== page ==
The law expressly provides that an employer may consider an employee impaired when the employee manifests specific, articulable symptoms, defined by statute, such as speech, dexterity, agility, demeanor, etc.  If an employer disciplines a registered user, it must provide the employee with a reasonable opportunity to contest the basis of the determination.  The Act also provides that no cause of action is created against an employer for 1) adverse actions taken in the good faith belief that the employee used or possessed cannabis while on the employer’s premises, 2) adverse actions taken in the good faith belief that the employee was impaired while working, or 3) loss or injury to a third party if the employer neither knew or had reason to know that the employee was impaired.  Finally, the Act provides that it shall not be construed to interfere with any federal restriction on employment, including Department of Transportation regulations.

An employer is permitted to discipline the registered user employee to the same extent that it would discipline other employees who use controlled substances or alcohol while at work, or who are impaired at work.  Unlike the medical use laws of other states, such as Maine and Arizona, the law attempts to define impairment.  A registered user is not a person with a disability under the meaning of the American with Disabilities Act, because a protected, disabled individual under the ADA is not one who uses drugs unlawful under federal law.  However, the underlying medical condition requiring the medical use of marijuana would probably be a disabling condition under federal law in its own right.  Moreover, a claim of unlawful discrimination could be posited upon the employer’s perception that the employee has a disability.

Because of the antidiscrimination provisions of the statute, an employer may not necessarily discipline a registered user to the same extent that it would a non-registered user for testing positive for marijuana.  The law does provide the employer with the right to discipline or discriminate against a registered user if it would cause an employer to lose a federal contract.  The law clearly provides that federal regulations, such as the Department of Transportation’s regulations, which would require the removal from duty of a driver who tests positive, shall remain in effect.  Otherwise, however, it would seem to be unlawful to discipline a registered user for testing positive alone, where the employee was not possessing or using, or impaired, on the job.  Moreover, an employer cannot discriminate against a registered user who is an applicant who tests positive on a pre-employment drug screen.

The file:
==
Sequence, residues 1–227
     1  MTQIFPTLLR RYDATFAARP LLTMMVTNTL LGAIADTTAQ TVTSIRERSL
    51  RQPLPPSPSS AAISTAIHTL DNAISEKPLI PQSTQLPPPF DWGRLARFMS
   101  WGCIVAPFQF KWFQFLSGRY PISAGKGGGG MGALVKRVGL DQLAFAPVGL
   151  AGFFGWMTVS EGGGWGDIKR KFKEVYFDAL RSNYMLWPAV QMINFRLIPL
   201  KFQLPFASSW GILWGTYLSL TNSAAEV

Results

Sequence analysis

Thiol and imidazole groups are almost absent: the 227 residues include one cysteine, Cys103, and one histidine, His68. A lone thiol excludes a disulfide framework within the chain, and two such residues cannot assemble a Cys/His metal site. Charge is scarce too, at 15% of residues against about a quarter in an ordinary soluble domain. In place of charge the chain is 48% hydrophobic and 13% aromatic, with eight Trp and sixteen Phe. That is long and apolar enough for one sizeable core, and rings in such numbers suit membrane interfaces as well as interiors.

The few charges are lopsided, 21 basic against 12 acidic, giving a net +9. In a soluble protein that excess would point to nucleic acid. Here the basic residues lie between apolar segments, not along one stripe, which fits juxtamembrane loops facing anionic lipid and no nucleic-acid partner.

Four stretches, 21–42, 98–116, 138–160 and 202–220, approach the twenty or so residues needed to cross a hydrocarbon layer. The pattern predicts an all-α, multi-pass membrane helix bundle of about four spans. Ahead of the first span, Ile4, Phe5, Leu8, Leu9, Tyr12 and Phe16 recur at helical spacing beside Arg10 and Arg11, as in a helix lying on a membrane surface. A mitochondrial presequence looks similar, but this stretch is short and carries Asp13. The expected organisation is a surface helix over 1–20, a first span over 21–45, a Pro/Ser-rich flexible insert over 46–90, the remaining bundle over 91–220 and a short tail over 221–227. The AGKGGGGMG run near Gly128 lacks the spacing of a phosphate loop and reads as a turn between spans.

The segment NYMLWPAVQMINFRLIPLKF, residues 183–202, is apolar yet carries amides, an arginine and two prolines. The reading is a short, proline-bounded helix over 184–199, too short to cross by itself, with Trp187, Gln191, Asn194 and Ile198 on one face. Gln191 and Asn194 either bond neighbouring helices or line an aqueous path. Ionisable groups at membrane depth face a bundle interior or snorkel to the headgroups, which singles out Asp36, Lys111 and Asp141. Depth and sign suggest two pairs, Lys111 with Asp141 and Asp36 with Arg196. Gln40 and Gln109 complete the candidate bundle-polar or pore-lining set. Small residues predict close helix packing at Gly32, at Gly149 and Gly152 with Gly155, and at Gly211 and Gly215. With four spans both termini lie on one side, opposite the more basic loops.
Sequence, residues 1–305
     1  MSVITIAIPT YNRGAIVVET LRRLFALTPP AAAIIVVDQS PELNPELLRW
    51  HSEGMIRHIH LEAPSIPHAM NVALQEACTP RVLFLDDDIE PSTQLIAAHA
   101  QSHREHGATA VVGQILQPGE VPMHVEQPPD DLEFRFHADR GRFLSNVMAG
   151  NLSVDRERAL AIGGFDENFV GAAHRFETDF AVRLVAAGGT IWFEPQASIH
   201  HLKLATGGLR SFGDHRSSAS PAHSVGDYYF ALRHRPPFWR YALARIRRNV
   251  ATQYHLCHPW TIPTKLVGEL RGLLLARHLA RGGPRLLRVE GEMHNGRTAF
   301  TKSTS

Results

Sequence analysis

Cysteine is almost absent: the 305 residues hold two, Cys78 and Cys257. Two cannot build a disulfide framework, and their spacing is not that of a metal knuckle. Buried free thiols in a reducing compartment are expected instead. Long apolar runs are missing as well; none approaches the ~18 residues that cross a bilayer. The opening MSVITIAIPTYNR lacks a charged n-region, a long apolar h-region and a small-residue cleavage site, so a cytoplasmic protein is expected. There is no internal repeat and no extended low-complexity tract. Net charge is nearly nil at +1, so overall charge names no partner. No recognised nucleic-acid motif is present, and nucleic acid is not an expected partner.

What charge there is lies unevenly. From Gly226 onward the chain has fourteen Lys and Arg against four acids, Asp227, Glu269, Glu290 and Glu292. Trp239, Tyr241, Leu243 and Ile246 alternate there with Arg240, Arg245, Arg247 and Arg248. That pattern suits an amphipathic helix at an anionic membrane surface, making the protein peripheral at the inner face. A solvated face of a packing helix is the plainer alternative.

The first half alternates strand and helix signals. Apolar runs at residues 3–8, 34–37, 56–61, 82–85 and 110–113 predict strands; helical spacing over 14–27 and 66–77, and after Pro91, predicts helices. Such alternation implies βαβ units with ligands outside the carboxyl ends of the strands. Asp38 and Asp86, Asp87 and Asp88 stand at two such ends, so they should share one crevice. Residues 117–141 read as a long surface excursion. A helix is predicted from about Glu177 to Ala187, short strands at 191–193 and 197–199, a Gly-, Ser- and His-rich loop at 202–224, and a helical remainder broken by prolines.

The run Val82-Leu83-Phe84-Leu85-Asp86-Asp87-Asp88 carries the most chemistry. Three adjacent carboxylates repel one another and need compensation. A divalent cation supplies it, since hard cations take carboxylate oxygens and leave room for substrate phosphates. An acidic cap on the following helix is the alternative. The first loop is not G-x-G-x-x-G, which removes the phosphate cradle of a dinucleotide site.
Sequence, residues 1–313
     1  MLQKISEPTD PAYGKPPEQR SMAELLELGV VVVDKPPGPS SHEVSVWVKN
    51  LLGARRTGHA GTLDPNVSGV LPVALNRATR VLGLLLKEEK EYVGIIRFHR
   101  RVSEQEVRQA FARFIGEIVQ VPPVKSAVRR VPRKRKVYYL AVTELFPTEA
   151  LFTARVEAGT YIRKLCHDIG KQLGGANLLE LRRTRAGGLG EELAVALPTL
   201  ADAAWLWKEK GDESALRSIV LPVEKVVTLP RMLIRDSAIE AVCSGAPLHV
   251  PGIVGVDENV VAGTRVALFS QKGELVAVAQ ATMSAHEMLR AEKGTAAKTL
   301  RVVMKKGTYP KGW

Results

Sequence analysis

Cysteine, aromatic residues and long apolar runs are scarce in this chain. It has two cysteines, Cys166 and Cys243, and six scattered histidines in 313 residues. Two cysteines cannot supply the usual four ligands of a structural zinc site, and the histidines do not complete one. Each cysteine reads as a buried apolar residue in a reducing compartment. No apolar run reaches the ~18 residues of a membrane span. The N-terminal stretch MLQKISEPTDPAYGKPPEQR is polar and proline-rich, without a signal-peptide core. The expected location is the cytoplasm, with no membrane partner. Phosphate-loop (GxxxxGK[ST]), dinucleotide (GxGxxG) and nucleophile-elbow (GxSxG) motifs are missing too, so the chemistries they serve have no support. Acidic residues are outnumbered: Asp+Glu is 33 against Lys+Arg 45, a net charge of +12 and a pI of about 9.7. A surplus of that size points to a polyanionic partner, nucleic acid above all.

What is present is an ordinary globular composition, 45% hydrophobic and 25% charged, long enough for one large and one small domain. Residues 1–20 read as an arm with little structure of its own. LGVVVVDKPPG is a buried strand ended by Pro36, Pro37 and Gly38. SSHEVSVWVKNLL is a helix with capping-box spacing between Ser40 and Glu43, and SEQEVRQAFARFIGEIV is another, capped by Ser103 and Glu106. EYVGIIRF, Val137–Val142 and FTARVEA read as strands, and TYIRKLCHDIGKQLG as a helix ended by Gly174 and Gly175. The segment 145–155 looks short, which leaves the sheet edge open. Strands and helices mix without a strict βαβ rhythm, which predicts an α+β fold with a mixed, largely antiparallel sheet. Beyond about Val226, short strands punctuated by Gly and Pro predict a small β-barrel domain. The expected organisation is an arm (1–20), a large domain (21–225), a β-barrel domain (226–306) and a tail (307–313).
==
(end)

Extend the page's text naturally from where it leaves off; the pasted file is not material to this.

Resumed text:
The law contains detailed provisions and requirements for becoming a registered user.   The law also contains detailed provisions for denial of a card, including a previous conviction of the Illinois Controlled Substances Act, Cannabis Control Act, or Methamphetamine Control and Community Protection Act, or similar law.  The Department of Public Health, through the Illinois State Police, shall be responsible for background checks of applicants for registration cards.  A registered user must inform the Department of Public Health of any change in his or her name, address, or debilitating condition, within 10 days of the change, or within 10 days if a card is lost.  The regulation of medical cannabis as food products (e.g., brownies, cookies) is prohibited so long as, inter alia, the requirements of the Federal and Illinois Food, Drug, and Cosmetic Act are observed, and certain warnings and disclaimers are observed.  The law also spells out the requirements for becoming a licensed dispensing organization and cultivation center, and prohibits licensure to those entities whose principals, employees, or agents have, inter alia, been convicted of drug offenses, felonies, or have given false information.  The law provides for detailed regulation of dispensing organizations and cultivation centers by statute and future rule-making.  The law provides that no later than 120 days after August 1, 2013, the Departments in charge of enforcing the statute shall issue rules regulating enforcement of the Act.